The proof of a carefully planned and executed digital transformation strategy can be seen through a number of key metrics, as well as in the company results. Total sales went from $170 million in 2010 to $240 million in 2014. Online sales grew from 5% to 21% of revenue and website visits jumped 0.22 million to 1.25 million.
Tetra Pak offers much more than just packaging equipment for liquid food products. It also provides a range of processing and packaging technologies for use with a broad array of products, from ice cream and cheese to fruit, vegetables and pet food. The company supplies complete systems for processing, packaging and distribution, designed to optimize the use of resources.
Because they have few direct competitors, the company was slow to create a digital platform. Several years ago, Chinese competitors began placing barcodes on their packages both to track products and to help with quality control. Tetra Pak responded by coding its packages as well, but went one further by placing sensors on the packaging machines it sold. This required a major change in its manufacturing process, but it resulted in achieving greater mastery of how its machines performed owing to use of analytics. The company was able to anticipate when its machines were likely to go down, allowing Tetra Pak to intervene and permit its food company customers to limit downtime, a big advantage it didn’t have before. The digital transformation was conducted by a group of interdisciplinary teams that collectively reported to the CEO.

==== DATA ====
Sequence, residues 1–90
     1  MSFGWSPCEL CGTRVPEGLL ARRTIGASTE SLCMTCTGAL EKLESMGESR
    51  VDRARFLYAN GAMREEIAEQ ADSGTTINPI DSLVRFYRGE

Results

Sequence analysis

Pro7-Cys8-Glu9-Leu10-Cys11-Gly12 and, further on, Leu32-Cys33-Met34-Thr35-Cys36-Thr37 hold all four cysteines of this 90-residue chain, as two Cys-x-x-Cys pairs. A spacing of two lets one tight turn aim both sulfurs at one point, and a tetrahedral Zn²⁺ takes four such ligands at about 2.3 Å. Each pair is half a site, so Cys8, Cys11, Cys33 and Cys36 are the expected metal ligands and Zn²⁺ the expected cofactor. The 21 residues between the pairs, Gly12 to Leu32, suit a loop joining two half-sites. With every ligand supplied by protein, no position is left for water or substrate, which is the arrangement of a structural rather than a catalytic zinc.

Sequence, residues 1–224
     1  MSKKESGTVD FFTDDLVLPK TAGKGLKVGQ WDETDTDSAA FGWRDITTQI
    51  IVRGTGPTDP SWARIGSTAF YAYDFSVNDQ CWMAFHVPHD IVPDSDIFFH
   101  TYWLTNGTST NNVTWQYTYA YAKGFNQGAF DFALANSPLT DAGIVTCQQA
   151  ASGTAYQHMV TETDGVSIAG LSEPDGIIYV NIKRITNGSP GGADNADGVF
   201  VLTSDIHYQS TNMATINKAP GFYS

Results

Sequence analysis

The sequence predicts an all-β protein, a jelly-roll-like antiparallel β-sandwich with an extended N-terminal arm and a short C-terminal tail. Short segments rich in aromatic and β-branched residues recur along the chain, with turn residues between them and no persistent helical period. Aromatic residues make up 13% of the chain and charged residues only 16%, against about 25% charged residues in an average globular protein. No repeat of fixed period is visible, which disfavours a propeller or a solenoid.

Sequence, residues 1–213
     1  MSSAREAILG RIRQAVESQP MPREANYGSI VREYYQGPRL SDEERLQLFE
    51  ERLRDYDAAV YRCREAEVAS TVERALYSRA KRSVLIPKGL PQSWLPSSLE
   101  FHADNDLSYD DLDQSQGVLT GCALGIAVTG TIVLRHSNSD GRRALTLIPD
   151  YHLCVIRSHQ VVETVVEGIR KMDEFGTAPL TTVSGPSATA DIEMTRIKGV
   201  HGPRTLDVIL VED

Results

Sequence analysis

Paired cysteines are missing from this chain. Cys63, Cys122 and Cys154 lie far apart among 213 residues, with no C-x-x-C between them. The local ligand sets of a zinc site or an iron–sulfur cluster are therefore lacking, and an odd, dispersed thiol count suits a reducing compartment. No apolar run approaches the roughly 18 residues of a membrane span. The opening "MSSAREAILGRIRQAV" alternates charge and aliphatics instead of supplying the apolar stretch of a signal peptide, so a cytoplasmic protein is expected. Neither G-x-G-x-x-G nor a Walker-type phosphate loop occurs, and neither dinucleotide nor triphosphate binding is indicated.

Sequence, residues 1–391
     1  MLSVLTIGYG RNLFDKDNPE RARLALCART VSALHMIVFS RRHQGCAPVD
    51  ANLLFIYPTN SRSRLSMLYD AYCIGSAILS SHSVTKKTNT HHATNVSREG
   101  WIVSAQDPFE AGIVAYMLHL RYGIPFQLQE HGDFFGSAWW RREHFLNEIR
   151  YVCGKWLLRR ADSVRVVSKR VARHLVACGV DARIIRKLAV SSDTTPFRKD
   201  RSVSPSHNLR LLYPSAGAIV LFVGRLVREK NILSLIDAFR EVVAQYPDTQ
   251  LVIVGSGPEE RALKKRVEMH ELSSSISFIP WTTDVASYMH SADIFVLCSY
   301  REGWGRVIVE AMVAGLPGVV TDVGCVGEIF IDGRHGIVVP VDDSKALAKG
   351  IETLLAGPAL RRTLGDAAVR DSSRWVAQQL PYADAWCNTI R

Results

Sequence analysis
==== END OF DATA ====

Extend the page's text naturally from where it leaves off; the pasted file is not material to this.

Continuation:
As a midsized elevator company competing against industry giants like Otis, Schindler and ThyssenKrupp, Kone decided that forming a technology partnership with IBM would provide a leg up on gaining data. Elevators weren’t being replaced by digital products, but improving the experience was something the company thought it could do. This involved using analytics and developing apps to improve the experience.
Most buildings don’t have any idea how many people use their elevators or times of day when it is used most often. Having an app that can “summon” an elevator at busy times was seen as useful. Kone uses artificial intelligence to learn and forecast a building’s traffic flows. When traffic intensity changes, the control system assesses the changing traffic patterns and alters its optimization routines accordingly. During lighter traffic periods, passenger waiting times or elevator energy consumption can be optimized, while during heavy traffic periods the elevator handling capacity is increased.
Wade says the message for B2B companies is “don’t wait for a competitor to generate new offerings. A digital competitor always enters when you least expect it.” Only 31% of companies are actively developing a counter digital strategy or willing to disrupt themselves. Don’t wait for the anvil to drop on you, he argues.
Questions Wade thinks CEOs of B2B companies should ask themselves:
Which capabilities are required to increase cost value, experience value, or platform value for customers?
How can we combine capabilities to magnify the value our customers receive?
To what degree do we possess these capabilities today?
To what degree do competitors—both traditional foes and “over-the-top” players—possess these capabilities?
If the landscape shifts dramatically due to digital disruption, how quickly can we adapt?
Are our people, processes and technology agile enough?
How do we increase the agility of our organization to ensure we can fend off (or capitalize on) new disruptions?